Some networks like Bitcoin and Dogecoin require miners—which use racks of high-power computers—to take care of the task of validating transactions using huge amounts of electricity for a reward in the form of newly-minted coins. This is called proof-of-work. Others, like Polkadot and Cardano, require “staking” (hence, proof-of-stake)—which is a process of pledging funds to the network and getting semi-randomly called to validate transactions. Validators are rewarded with newly-minted coins. Proof-of-stake doesn’t consume energy as there are no super powerful computers involved, and is often touted as a solution to the cryptocurrency industry’s massive carbon footprint. 


Ethereum, the world’s second largest cryptocurrency after Bitcoin, is currently in the midst of transitioning from proof-of-work to proof-of-stake—soon to be known as Ethereum 2.0—by booting gas-guzzling miners and already welcoming stakers, with $19.1 billion locked in

“My amendment is tech neutral and gives crypto developers room to experiment and move to greener technology,” Sen. Wyden told Motherboard. “The alternative locks in current cryptocurrency tech, which experts agree consumes exponentially more energy. Anyone who cares about the climate or innovation should oppose the Portman amendment.”

Tim Ogilvie, CEO of Staked, which runs a major Ethereum 2.0 validator, told Motherboard that the core responsibility of a proof-of-stake validator is to assemble new blocks, so that means “including transactions from every address on the chain, whether we have a customer relationship or not.”

“This is exactly the same reason the Warner-Portman amendment excluded proof-of-work validators [such as Bitcoin miners], yet they inexplicably excluded proof-of-stake validators,” he said. “I assume this is a simple oversight—but one that may be very damaging to the US, if not corrected.”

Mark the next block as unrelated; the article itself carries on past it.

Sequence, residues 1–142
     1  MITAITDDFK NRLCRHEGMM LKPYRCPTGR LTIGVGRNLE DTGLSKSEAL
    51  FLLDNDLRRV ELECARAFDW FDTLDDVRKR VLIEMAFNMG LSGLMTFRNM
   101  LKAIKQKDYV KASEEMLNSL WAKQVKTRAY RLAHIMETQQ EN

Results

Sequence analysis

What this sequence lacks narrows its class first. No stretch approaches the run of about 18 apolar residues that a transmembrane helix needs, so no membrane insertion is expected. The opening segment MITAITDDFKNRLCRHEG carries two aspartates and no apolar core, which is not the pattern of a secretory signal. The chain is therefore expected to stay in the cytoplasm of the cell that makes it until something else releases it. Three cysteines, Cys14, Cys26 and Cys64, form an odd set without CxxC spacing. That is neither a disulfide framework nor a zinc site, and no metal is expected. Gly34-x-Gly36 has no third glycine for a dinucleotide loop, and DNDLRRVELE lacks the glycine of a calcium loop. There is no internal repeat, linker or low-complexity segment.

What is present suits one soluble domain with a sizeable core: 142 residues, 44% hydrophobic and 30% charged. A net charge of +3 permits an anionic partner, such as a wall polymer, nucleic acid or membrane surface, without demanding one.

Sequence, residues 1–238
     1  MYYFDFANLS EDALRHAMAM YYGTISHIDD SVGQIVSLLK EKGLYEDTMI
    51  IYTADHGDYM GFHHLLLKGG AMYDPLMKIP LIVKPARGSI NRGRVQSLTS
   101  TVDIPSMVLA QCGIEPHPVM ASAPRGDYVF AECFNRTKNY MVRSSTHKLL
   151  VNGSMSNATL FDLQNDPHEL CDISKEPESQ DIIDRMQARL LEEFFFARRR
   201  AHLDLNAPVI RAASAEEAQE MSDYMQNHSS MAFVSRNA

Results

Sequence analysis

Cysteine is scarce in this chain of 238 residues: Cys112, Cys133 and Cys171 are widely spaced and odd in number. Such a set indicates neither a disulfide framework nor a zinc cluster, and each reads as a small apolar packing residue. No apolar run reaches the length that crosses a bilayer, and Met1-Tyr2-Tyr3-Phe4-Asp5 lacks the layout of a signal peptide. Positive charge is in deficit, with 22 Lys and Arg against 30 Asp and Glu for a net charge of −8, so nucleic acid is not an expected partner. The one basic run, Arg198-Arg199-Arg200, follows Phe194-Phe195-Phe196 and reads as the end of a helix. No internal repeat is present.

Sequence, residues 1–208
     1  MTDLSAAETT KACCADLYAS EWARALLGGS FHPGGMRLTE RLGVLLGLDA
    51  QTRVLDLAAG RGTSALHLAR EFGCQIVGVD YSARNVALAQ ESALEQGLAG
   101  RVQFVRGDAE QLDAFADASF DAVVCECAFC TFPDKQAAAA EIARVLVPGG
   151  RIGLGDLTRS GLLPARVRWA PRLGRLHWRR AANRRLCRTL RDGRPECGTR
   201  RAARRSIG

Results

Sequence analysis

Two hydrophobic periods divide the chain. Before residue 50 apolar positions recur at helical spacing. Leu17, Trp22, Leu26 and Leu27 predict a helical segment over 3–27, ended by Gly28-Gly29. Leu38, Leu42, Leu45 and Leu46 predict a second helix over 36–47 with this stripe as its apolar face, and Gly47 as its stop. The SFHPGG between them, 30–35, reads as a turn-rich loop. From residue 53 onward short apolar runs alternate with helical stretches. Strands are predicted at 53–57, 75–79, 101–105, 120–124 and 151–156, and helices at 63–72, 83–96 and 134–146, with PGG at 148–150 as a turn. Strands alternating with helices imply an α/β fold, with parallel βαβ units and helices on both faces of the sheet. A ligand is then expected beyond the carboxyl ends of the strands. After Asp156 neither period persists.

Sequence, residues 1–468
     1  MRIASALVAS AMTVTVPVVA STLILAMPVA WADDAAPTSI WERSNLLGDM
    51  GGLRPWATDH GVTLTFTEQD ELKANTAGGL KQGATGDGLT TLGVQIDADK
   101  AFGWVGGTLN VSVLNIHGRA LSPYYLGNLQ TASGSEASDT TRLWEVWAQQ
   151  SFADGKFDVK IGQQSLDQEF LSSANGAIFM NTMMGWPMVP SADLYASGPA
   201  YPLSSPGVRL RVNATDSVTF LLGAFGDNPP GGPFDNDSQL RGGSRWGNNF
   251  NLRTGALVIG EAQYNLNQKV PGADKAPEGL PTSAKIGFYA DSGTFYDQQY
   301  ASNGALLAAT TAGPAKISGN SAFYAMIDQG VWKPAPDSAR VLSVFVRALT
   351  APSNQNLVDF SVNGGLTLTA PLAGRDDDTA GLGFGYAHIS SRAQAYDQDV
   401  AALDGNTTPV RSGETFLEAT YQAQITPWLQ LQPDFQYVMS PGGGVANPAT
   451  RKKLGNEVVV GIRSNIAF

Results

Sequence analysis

The Warner-Portman amendment also hits the $73.1 billion-worth decentralized finance industry, which consists of protocols that allow people who own crypto to use bank-like services, such as loans or interest accounts, without any intermediary. The most popular of these services are built on the Ethereum network—like SushiSwap, the creator of which is a mysterious coder who goes by “Chef Nomi”. So, in many cases, the law may also have trouble finding people to punish for non-compliance.

The vote on rival amendments is expected to take place on Saturday.

Jerry Brito, executive director of crypto industry think tank Coin Center, said in a statement shared with Motherboard that the “tech policy of this magnitude is being done as a last minute tax provision buried in a massive must-pass infrastructure bill.”

“This is no way to make policy,” he said.

Correction: An earlier version of this article misattributed a statement to Olya Veramchuk. Motherboard regrets the error.